A revolution in the sharing of knowledge…

Transforming e-Knowledge
TABLE OF CONTENTS     What is e-Knowledge?   © SCUP 2003
  Page 28      

Beyond Existing Knowledge Concepts and Experiences



Chapter 1

What is e-Knowledge?

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Today’s pioneering examples are state-of-the-art practices. Our challenge is to move beyond these existing concepts and experiences to envision a world in which our knowledge experiences and competencies will be dramatically different from the here and now.

Moving Beyond Digitizing and
Webifying Existing Practices

In applying the tools of ICT to any field of endeavor, the organization’s first inclination is to digitize and Webify existing content, processes, and practices , as it has been with learning and knowledge management. But after digitizing course packs, texts, technical manuals, and organizational procedures, practitioners have begun to understand how to use ICT tools to create new forms, processes, and practices for learning and knowledge management. The early forms of new practices are being invented, but they need unifying and guiding principles.

Observing this process yields an important insight: individuals are the “heroes” of process transformation. Individual practitioners typically are the ones who see that merely digitizing existing practices does not reap the expected dividends. Organizational routines, principles, and practices have substantial inertia. Changes are typically originated by individuals—change-agents who are experienced practitioners, whose insights into practice enable them to understand how successful examples of innovation can be used to change the organization.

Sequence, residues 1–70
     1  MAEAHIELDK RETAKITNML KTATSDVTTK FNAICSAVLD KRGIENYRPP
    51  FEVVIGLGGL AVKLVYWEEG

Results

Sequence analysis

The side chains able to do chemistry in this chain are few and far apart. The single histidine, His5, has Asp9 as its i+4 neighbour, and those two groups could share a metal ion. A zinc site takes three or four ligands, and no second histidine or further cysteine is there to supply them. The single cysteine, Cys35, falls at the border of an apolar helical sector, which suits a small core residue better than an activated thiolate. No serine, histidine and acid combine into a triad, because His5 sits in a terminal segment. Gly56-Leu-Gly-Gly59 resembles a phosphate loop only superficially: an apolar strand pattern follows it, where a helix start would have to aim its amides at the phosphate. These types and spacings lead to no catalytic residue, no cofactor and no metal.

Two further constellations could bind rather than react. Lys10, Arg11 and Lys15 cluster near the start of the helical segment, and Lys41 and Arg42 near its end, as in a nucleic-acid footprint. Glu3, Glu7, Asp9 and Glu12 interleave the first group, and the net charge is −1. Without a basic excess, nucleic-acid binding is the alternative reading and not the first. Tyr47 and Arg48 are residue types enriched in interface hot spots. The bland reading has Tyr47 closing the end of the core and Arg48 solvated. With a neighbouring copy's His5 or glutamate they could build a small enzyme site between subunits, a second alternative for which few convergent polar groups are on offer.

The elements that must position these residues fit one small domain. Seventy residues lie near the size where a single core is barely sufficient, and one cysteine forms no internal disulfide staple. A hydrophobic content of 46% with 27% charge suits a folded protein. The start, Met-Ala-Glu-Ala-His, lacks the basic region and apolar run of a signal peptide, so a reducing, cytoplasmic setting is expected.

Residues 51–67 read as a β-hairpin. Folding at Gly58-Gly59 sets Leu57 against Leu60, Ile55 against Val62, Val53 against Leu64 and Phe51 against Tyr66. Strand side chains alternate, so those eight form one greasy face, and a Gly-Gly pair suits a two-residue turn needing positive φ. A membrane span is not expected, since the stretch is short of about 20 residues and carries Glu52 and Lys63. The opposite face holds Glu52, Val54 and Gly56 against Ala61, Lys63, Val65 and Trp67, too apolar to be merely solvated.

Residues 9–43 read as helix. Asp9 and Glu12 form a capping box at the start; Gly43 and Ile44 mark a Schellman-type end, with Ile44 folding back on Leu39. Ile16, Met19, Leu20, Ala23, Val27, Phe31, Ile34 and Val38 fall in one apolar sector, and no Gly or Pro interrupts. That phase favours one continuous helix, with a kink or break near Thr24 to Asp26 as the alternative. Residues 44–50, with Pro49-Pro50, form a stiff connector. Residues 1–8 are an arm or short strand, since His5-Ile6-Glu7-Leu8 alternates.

The Danger of Misappropriating
Terms and Concepts

A common scene is repeated every day in virtually every knowledge-driven enterprise ranging from universities to corporations to professional societies.


Leaders listen to discussions of transformational uses of knowledge networks, communities of practice, content marketplaces, and similar concepts and respond with the observation, “Oh, that’s just another term for what we’ve been doing for years.” Or, “we’ve always had a community of practice.” Or, “we wrote the book on knowledge networks.” These contentions are likely to be false. One of the greatest dangers facing knowledge enterprises is having the terms and concepts of knowledge transformation misappropriated and misused. But this is a predictable downside to the Knowledge Age brought about by our immersion in information-rich environments that can give rise to information overload and organizational knowledge mis-management.

To create a genuine e-knowledge revolution requires changes in our world view of knowledge and how it is experienced. It also requires new terminology and fresh metaphors to describe knowledge and the knowledge ecology of organizations.


e-Knowledge Has Much
in Common with the Practices
of e-Business

e-Business is more than e-commerce. It is the use of ICT to transform the way organizations conduct business. e-Business practices have transformed practices and processes in every industry they have touched. e-Business enables enterprises to fundamentally change their relationships with customers, members, learners, suppliers/partners, and/or other stakeholders. In the process, enterprises create new blends of physical and virtual resources and experiences that have never before been possible.


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  New circumstances call for new words, new phrases… and for the transfer of old words to new objects.

Thomas Jefferson

We are entering a new era of design: new objects, new metaphors.

John Gage